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What Is a Personal Representative?

A personal representative also referred to as an executor or an administrator is an individual trusted by someone to manage his properties or monetary belongings. When a person dies leaving all his properties behind, a personal representative’s role is to settle the decedent’s affairs.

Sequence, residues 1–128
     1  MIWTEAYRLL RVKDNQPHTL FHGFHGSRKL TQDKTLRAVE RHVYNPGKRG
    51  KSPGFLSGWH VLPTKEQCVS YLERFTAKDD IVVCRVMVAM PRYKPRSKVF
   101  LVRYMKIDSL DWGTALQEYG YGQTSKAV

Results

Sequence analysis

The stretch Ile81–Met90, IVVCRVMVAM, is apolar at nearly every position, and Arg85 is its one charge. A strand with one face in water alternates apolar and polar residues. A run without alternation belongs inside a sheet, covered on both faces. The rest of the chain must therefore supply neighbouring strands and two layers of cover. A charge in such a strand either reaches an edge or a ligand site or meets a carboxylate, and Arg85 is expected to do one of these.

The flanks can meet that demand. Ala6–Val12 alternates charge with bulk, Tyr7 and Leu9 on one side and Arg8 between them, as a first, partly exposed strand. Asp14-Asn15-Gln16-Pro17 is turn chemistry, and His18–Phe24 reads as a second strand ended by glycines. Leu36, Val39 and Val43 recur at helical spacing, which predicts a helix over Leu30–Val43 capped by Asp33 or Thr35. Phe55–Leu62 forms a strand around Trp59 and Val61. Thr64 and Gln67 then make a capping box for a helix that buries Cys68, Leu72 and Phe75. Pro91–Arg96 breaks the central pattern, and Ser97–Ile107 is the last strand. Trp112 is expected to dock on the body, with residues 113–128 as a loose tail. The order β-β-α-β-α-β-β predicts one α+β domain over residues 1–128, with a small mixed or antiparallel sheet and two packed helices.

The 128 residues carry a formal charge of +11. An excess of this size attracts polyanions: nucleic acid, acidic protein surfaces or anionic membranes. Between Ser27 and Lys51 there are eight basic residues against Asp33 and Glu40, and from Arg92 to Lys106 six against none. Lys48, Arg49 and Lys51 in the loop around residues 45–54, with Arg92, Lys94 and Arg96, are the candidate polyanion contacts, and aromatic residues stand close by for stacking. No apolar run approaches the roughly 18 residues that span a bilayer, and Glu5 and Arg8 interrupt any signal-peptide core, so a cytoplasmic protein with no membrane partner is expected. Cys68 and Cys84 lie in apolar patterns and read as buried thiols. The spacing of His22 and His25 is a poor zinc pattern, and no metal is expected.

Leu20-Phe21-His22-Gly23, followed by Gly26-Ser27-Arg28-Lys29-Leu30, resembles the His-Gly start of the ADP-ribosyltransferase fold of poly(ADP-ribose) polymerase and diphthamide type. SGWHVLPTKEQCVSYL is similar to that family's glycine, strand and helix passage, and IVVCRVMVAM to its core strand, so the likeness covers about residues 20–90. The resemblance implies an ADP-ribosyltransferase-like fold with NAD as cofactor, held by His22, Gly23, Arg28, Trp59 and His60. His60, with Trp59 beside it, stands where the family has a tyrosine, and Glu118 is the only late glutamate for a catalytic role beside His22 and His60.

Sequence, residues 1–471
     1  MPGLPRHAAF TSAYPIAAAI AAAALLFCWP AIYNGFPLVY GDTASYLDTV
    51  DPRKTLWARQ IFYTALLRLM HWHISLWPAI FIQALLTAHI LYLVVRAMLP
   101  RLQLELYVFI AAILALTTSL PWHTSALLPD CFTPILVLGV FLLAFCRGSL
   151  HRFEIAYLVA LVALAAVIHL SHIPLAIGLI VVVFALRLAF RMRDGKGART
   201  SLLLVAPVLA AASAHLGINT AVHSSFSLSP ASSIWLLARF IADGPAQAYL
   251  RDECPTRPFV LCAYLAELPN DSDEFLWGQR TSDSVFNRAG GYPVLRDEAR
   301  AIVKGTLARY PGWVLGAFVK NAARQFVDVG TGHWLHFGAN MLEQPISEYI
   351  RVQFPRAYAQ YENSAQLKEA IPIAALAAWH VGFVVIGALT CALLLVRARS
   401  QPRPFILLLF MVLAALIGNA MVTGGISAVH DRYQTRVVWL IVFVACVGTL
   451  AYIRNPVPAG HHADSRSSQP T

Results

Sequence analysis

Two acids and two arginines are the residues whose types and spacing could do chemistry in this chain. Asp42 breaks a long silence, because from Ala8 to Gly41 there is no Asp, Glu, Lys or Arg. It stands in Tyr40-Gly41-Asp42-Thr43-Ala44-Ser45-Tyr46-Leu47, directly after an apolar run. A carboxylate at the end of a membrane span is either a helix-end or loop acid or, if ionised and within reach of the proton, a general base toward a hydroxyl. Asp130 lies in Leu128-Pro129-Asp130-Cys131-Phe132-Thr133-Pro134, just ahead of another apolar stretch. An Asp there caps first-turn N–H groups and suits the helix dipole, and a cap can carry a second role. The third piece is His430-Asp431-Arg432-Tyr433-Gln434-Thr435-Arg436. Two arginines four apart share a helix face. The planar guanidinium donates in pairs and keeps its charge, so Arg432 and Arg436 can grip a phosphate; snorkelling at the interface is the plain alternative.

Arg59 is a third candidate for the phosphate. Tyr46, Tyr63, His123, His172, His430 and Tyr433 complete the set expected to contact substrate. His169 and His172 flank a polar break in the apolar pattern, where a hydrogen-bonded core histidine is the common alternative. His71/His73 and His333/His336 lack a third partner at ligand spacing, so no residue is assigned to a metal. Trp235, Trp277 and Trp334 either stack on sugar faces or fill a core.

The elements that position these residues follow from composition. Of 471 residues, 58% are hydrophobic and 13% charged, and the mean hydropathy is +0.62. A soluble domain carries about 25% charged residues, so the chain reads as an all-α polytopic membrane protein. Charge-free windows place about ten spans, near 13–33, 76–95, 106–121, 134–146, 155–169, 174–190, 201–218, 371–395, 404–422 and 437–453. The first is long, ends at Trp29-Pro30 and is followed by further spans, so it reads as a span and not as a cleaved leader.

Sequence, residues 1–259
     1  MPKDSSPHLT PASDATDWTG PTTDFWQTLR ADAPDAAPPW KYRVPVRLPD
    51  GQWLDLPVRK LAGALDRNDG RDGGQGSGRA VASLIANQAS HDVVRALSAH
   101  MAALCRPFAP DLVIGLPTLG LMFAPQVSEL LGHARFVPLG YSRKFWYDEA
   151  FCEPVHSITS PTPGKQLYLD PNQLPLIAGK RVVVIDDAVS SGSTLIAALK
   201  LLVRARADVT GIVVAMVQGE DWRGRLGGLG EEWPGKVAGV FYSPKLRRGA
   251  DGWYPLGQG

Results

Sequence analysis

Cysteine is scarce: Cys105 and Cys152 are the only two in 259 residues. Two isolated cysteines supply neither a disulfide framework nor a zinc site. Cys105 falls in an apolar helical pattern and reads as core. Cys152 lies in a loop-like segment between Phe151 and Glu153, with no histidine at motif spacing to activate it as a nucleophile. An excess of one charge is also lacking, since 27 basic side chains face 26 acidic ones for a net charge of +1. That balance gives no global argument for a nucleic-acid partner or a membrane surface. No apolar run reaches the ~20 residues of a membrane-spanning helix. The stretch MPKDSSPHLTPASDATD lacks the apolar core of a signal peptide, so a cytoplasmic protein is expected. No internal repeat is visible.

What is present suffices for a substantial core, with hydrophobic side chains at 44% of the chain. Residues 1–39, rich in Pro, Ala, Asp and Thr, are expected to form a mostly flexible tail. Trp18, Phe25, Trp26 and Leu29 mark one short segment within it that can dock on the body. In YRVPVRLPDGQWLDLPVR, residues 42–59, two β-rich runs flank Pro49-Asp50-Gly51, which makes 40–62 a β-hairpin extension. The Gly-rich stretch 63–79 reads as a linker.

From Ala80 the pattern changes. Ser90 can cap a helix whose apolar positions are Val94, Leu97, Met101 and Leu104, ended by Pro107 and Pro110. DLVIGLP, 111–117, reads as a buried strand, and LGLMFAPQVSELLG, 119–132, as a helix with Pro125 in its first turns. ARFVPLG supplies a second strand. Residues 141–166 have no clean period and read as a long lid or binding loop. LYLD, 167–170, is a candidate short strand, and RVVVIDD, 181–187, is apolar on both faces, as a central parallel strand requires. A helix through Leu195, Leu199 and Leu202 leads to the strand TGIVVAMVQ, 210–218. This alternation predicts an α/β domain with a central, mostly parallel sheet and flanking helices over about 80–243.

A personal representative may also be appointed for a living person. A minor for instance, may need a personal representative to make all the legal decisions for him. A person may be assigned under the provisions of probate courts by appointment of the court, nominated by will or chosen by the living person. A personal representative should have the qualities or duties of loyalty, honesty and good faith. The duties of a chosen one can be very complicated that is why they often work with a legal attorney to help with the process. Even if appointed by will, a person can be denied of the representation of a diseased person if he does not meet the legal criteria under the applicable law. In cases wherein there is no will left by the diseased, the court has the right to appoint a person who has the priority to serve as a personal representative. In handling the finances of a living person, the representative is required or most probably obliged to manage the properties as closely as possible to ascertain that the wishes of that person are achieved. For cases of a last will, the representative should be responsible enough to notify the creditors of the departed and ensure that the statements be done in satisfaction of the will.

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